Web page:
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can you make future commits permissively / portable license? #969
Can future / ongoing contributions to this project under MIT/BSD/Apache2?
Unfortunately GPL isn't backwards compatible to other licenses in the open source world. A permissive license would make future contributions still compatible with GPL, but down the road if there was a license change, the transition would be a lot smoother.
The project would still be considered to be GPL unless contributors agreed to change. neovim has done a similar thing with its contributions on top of vim.
The question is whether developers want this project to allow non-free use of it (the main difference between GPL and more permissive licenses like BSD or Apache). Using CTags in a BSD/Apache2/MIT license software makes that software GPL as a whole, yet not its whole source code; so it effectively doesn't really change much for them: only the CTags part of it would be concerned.
Apart from whether we want to do that or not, how legal is it? I could imagine it would be a problem to have patches under a license incompatible with the code it alters -- yet maybe not, I genuinely don't know.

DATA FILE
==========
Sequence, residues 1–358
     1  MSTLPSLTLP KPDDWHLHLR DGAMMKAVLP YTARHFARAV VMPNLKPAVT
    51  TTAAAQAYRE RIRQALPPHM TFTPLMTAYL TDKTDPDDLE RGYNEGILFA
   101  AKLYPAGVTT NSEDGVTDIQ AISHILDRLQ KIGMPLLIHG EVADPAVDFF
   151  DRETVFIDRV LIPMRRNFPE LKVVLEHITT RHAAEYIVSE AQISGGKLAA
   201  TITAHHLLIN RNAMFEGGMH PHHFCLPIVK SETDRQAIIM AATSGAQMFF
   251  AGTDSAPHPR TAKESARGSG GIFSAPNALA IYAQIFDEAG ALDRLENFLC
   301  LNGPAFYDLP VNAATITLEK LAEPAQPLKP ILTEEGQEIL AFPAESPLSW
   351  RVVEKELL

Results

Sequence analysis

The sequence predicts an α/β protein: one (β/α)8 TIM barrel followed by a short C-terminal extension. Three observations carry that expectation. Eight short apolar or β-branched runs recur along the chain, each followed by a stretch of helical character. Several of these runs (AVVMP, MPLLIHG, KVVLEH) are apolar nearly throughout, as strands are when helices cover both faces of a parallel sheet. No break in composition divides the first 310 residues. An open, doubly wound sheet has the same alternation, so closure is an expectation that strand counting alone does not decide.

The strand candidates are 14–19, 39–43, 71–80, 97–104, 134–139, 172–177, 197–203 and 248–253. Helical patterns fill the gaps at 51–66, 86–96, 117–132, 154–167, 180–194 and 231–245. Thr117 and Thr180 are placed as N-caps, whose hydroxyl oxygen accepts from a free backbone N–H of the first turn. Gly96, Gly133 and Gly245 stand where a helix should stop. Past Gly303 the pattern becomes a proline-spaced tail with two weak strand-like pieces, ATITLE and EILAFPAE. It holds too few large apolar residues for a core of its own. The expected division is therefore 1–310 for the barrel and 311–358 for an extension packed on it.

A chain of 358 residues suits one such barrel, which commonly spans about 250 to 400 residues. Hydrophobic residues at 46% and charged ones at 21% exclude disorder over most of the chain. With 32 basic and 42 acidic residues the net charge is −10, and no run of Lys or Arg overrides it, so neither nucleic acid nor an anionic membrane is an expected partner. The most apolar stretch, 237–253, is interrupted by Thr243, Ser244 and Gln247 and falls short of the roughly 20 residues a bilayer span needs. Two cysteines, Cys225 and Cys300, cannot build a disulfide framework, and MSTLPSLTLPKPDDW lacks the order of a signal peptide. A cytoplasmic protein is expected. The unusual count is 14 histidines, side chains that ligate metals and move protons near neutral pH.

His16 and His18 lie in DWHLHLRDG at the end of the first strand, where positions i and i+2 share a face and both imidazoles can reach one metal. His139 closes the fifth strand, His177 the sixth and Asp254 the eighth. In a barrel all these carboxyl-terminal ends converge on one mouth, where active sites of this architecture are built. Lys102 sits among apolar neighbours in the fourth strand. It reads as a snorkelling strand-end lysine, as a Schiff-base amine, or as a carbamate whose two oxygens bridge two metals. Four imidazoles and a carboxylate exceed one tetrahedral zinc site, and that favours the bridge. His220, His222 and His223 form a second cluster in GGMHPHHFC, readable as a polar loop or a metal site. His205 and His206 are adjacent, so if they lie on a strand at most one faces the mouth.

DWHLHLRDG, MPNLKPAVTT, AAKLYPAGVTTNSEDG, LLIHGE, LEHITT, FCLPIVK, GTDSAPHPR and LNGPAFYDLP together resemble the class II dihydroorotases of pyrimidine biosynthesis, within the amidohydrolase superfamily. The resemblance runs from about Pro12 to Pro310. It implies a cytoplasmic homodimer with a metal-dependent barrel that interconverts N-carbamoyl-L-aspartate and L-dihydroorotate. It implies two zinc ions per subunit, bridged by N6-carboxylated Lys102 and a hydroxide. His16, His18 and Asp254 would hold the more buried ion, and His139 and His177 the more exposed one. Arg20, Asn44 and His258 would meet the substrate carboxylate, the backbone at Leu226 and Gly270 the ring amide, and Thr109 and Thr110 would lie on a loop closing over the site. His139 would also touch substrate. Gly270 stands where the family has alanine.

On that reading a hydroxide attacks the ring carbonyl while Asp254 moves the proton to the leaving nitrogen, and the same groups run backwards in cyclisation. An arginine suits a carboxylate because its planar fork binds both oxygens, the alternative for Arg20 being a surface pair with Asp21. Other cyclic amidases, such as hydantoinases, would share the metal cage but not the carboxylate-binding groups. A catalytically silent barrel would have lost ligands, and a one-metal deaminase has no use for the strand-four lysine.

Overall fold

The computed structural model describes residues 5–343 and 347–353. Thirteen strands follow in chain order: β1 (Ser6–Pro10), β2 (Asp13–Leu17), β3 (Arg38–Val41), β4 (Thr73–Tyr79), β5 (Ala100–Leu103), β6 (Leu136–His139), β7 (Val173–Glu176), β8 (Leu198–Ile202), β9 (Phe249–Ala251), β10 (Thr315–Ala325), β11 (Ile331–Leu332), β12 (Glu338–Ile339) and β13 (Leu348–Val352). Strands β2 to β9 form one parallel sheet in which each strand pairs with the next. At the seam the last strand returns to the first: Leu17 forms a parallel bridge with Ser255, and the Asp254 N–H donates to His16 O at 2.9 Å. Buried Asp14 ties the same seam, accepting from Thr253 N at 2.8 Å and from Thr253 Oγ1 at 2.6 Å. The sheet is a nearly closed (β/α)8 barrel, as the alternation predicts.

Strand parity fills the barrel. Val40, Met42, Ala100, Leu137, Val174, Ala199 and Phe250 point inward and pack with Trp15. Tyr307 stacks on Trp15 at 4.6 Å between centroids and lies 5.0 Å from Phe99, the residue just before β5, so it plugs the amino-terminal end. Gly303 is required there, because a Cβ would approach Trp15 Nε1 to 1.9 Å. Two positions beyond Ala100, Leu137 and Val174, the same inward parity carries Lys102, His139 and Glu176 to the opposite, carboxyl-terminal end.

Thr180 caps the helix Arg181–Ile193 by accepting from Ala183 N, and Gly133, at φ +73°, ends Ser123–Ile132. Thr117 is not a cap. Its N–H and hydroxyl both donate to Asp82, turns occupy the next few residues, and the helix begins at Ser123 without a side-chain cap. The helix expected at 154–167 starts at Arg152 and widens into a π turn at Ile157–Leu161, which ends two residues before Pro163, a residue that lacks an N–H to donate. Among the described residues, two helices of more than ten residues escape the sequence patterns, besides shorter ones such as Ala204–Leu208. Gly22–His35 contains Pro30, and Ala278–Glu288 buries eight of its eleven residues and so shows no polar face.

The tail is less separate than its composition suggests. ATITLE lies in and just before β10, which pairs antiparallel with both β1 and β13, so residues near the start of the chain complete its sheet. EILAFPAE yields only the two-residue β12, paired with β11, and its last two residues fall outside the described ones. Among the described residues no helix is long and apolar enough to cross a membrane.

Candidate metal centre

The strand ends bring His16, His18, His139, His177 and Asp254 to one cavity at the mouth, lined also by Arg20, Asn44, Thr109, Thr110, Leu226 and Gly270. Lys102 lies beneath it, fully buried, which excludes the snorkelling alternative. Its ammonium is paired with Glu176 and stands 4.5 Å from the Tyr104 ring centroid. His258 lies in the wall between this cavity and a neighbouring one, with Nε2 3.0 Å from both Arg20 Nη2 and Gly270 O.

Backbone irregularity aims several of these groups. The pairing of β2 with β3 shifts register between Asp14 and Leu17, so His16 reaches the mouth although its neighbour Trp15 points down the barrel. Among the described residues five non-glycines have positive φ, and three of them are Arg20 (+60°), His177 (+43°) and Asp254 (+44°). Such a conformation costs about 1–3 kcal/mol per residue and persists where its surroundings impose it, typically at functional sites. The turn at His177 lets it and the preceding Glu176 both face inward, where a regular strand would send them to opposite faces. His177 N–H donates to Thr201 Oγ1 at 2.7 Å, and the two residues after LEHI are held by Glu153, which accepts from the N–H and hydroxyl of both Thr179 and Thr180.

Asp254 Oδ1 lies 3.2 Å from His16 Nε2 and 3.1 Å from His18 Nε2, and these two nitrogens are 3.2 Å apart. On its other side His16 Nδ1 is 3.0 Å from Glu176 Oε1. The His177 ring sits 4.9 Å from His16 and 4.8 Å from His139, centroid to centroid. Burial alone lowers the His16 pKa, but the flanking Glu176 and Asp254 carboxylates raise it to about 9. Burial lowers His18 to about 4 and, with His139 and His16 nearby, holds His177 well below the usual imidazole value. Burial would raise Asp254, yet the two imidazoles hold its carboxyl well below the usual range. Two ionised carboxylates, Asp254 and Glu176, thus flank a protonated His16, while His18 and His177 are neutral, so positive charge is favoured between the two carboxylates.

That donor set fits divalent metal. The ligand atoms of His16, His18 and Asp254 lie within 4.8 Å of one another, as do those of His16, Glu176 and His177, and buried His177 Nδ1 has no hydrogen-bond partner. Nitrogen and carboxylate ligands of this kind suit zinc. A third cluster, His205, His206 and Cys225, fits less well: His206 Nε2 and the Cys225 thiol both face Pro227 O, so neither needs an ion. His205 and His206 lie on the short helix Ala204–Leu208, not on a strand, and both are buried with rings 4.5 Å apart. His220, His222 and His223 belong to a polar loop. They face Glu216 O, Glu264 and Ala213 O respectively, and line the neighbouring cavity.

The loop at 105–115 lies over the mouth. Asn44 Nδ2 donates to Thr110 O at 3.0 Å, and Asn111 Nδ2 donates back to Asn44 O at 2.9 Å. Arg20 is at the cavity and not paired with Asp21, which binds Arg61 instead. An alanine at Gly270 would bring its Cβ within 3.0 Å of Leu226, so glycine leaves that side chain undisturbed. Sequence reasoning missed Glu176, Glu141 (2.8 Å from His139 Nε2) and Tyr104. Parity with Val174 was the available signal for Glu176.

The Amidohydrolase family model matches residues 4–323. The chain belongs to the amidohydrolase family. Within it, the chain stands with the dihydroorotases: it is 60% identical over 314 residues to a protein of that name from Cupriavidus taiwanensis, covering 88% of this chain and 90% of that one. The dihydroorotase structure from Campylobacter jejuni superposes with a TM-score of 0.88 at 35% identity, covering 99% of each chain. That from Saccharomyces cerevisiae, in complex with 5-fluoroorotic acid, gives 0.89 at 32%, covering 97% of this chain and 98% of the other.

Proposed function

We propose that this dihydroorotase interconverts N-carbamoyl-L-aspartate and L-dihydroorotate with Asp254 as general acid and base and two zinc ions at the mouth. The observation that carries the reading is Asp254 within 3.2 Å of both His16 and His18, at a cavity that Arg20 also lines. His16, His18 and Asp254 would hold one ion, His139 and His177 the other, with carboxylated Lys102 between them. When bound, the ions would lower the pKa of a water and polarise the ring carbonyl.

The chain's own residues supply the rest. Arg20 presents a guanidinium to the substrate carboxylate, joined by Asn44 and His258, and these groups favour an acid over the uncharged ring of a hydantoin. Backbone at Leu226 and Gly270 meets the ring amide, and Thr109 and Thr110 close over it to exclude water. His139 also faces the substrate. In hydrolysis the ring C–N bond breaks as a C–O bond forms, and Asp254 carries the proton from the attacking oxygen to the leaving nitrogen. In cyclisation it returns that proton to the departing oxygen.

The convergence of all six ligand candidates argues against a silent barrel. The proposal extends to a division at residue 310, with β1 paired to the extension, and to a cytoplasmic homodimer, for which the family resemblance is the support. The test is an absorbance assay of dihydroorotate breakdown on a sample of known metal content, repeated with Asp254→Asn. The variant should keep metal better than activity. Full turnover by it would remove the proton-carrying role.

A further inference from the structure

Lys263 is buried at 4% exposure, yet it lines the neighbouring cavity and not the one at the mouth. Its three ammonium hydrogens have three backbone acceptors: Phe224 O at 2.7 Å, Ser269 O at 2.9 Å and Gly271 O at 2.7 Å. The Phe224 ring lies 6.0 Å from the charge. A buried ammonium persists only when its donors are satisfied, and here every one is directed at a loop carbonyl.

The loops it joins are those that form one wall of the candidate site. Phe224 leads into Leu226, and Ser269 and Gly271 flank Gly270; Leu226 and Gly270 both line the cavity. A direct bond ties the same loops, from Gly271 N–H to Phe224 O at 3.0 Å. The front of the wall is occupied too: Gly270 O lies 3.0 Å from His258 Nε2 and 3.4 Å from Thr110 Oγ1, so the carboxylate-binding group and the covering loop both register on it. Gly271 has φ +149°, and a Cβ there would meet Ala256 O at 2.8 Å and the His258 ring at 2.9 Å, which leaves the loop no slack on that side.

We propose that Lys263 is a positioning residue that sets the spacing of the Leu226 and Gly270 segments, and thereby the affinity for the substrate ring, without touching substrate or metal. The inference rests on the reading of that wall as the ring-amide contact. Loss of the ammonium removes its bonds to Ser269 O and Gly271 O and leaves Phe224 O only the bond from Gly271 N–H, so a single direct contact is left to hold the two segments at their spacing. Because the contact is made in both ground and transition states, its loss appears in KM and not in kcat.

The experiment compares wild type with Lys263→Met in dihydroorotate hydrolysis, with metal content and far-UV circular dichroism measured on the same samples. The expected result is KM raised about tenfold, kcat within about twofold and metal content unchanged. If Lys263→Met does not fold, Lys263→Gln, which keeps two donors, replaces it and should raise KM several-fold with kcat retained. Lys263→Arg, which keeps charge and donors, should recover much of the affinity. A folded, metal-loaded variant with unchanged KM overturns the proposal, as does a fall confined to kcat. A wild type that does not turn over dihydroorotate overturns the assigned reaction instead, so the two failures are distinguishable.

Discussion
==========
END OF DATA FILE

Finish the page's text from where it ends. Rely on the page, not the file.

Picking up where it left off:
Finally… why? It's mostly unrealistic to ask everyone who actually contributed whether they are OK with changing the license. OK, most people don't explicitly list their copyright information, but I don't think we say contributors give up copyright to use either, so again, might be a gray area.
BTW, I took a quick glance at neovim's case, and it seems like they did that because their license was ambiguous, because the base license didn't explicitly cover derivatives, rather made it clear they could be under any license they wished.
Freedom is great, but people use it in different ways. Soviets use the word free in their anthem, so did USA, they had interpretations. FSF uses freedom as a buzz word. In practical terms amounts to heavy restriction, lack of portability with other licenses. etc.
I'm running FreeBSD right now and have total and absolute freedom. Ironically, despite using software under a license that offers me no such guarantees, "non-free" as you would say it, I have more convenient access to the source and toolchain than any contemporary linux distribution has. I can go into